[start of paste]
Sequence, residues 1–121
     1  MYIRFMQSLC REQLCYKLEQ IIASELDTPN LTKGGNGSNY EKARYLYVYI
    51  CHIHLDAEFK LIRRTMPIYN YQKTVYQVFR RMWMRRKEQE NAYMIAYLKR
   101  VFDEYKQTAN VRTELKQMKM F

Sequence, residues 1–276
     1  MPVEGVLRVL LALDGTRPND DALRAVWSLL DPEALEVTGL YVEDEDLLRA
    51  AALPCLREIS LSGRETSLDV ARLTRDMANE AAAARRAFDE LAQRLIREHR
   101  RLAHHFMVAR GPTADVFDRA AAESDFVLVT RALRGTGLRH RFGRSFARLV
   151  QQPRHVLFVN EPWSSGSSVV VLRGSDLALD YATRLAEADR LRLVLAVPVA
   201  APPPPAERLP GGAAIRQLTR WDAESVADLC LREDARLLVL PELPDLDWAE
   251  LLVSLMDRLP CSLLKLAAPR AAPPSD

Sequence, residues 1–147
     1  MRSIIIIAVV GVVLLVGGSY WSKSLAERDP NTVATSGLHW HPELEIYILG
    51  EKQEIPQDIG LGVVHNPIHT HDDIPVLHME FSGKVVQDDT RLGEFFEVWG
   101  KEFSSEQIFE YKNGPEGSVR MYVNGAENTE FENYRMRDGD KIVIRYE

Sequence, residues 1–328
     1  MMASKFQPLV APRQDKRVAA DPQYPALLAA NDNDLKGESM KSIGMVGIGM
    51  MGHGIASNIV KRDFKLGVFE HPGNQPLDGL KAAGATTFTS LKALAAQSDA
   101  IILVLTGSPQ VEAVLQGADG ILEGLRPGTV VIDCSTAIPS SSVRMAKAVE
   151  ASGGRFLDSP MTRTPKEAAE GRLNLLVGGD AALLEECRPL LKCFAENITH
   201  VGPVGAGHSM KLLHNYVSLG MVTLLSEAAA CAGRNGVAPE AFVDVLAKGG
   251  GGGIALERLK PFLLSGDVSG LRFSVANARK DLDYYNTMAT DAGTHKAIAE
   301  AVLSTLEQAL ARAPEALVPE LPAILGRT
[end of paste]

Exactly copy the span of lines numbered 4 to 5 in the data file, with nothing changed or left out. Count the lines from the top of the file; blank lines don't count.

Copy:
   101  VFDEYKQTAN VRTELKQMKM F

Sequence, residues 1–276